The book is concerned with how sex for sale is understood in different places, spaces and times and deals with the epistemology of sex work and sex for sale by taken its spatial, temporal and political context into consideration.
The book is interested in how definitions of and unease with prostitution, sex work or sex for sale bring together sex and money. The entanglement between money and sex should in this regard be understood in a variety of different ways rather than being natural definitions taken for granted. The book explores epistemological and ethical issues in the production of knowledge about sex for sale by teasing out some of the dominant ontologies about prostitution by focussing on the relationship between sex and money.
What prostitution, sex work or sex for sale is interpreted to be is important for why and how policy makers aim to regulate it. The way the phenomenon is classed or racialized and various policies in this regard affects different groups differently. The authors emphasize that prostitution, sex work or sex for sale is not fixed phenomenas, but rather a contingent on contemporary understandings of the intersection between gender, sexuality and money. Therefore, the phenomenon is understood through different ontologies that changes over time and space. The aim with the book is to explore fields which have been under-researched as they are concerned with what prostitution, sex work or sex for sale is, and how it relates to a broader societal issues to do with sexuality, gender, migration and power.
To illuminate the complexity of the different epistemological positions concerned with the topic, the book is divided into three parts, with a different focus each: The first part "Historically speaking" focusses on how the definitions of prostitution, sex work or sex for sale have changed over time through regulation by the authorities. The second part, "Speaking from experience" presents how sex workers and buyers rework, adjust to, or resists the categorization process and the adjacent control and stigma they are subject to. The third part "Speaking about control" presents some important, definitional issues reflecting the different ways in which governments, the police and service providers define what is and what is not prostitution. A particular part of these discussions is the delineation between prostitution and human trafficking.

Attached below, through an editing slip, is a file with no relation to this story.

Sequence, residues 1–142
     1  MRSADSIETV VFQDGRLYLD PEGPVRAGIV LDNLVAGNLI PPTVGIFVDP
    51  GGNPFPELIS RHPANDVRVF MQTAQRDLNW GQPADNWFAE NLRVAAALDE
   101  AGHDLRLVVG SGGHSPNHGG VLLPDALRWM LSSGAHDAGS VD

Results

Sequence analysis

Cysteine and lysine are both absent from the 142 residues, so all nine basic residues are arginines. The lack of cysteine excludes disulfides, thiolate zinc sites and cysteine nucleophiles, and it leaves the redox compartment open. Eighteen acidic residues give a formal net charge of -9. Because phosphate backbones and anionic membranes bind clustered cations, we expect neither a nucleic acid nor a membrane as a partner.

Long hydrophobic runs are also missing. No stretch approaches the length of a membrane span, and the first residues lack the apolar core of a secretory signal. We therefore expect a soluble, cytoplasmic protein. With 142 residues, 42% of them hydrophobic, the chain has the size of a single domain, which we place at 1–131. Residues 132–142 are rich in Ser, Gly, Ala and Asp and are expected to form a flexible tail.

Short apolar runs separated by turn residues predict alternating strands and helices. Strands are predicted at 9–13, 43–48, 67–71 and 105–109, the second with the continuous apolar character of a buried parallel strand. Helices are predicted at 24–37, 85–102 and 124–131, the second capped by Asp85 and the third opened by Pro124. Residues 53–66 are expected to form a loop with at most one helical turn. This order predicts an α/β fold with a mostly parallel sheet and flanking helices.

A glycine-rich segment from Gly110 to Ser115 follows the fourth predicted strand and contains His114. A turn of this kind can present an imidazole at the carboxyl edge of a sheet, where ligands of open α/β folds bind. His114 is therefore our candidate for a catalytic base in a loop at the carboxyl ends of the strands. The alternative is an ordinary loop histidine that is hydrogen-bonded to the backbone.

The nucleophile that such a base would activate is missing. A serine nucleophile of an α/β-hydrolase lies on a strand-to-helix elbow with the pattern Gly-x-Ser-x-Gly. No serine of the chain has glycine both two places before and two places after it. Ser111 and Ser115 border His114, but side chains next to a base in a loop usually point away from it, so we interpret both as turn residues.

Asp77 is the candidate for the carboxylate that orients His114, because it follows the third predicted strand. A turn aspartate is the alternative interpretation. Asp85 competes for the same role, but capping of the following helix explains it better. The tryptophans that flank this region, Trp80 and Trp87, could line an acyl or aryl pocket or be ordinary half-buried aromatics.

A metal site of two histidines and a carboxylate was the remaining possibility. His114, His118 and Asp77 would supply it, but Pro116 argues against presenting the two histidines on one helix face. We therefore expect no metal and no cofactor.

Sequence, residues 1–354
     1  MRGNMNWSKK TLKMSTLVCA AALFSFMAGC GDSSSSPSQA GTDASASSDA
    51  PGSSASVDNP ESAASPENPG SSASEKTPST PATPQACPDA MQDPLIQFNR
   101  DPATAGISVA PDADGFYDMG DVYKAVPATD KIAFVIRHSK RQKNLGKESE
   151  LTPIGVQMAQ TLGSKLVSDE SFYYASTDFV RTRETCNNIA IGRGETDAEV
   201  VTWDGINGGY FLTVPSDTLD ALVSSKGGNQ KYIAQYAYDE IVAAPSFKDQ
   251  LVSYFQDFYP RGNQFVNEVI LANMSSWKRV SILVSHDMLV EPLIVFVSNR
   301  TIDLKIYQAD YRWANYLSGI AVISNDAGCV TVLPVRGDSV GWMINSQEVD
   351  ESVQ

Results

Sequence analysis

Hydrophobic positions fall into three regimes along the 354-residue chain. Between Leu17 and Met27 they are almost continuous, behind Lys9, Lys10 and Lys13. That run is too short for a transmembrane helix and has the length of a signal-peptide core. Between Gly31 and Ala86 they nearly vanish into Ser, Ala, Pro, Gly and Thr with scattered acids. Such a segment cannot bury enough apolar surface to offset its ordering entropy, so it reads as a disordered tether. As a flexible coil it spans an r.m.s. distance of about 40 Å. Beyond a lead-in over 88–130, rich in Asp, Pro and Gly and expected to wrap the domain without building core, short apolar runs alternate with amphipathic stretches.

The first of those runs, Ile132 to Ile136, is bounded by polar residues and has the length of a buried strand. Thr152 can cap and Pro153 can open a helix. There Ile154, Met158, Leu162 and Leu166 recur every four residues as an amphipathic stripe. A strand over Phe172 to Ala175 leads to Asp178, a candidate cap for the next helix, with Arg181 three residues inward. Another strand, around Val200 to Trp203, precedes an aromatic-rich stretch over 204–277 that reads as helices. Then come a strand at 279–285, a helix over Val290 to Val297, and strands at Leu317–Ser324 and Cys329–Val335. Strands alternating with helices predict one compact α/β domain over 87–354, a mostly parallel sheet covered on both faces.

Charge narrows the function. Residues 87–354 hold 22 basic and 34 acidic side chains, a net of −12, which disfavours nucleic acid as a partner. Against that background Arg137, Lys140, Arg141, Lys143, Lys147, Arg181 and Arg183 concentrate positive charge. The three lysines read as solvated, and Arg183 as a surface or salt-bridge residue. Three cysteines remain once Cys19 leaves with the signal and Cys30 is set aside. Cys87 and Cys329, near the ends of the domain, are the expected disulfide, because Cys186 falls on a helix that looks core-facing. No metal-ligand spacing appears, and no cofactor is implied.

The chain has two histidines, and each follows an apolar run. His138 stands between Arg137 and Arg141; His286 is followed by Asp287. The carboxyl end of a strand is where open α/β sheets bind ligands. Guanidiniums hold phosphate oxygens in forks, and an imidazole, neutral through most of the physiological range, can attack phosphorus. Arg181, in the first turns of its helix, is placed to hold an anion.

Marlene Spangers own contribution to the book "Surveillance of dangerous liaisons through the notion of sex and money" explores how the Danish authorities controlled prostitution from the 1930s to the 1950s. She argues that the policies was then derived from how eugenics articulated the sexually deviant in a medical sense. ‘The female prostitute’ was positioned to be dangerous due to her sexual liaisons and was though to be something that should be surveilled and controlled. In addition, the authorities' regulation of ‘the prostitute’ served as a power tool that was applied not only to women who sold sexual services, but to women in general.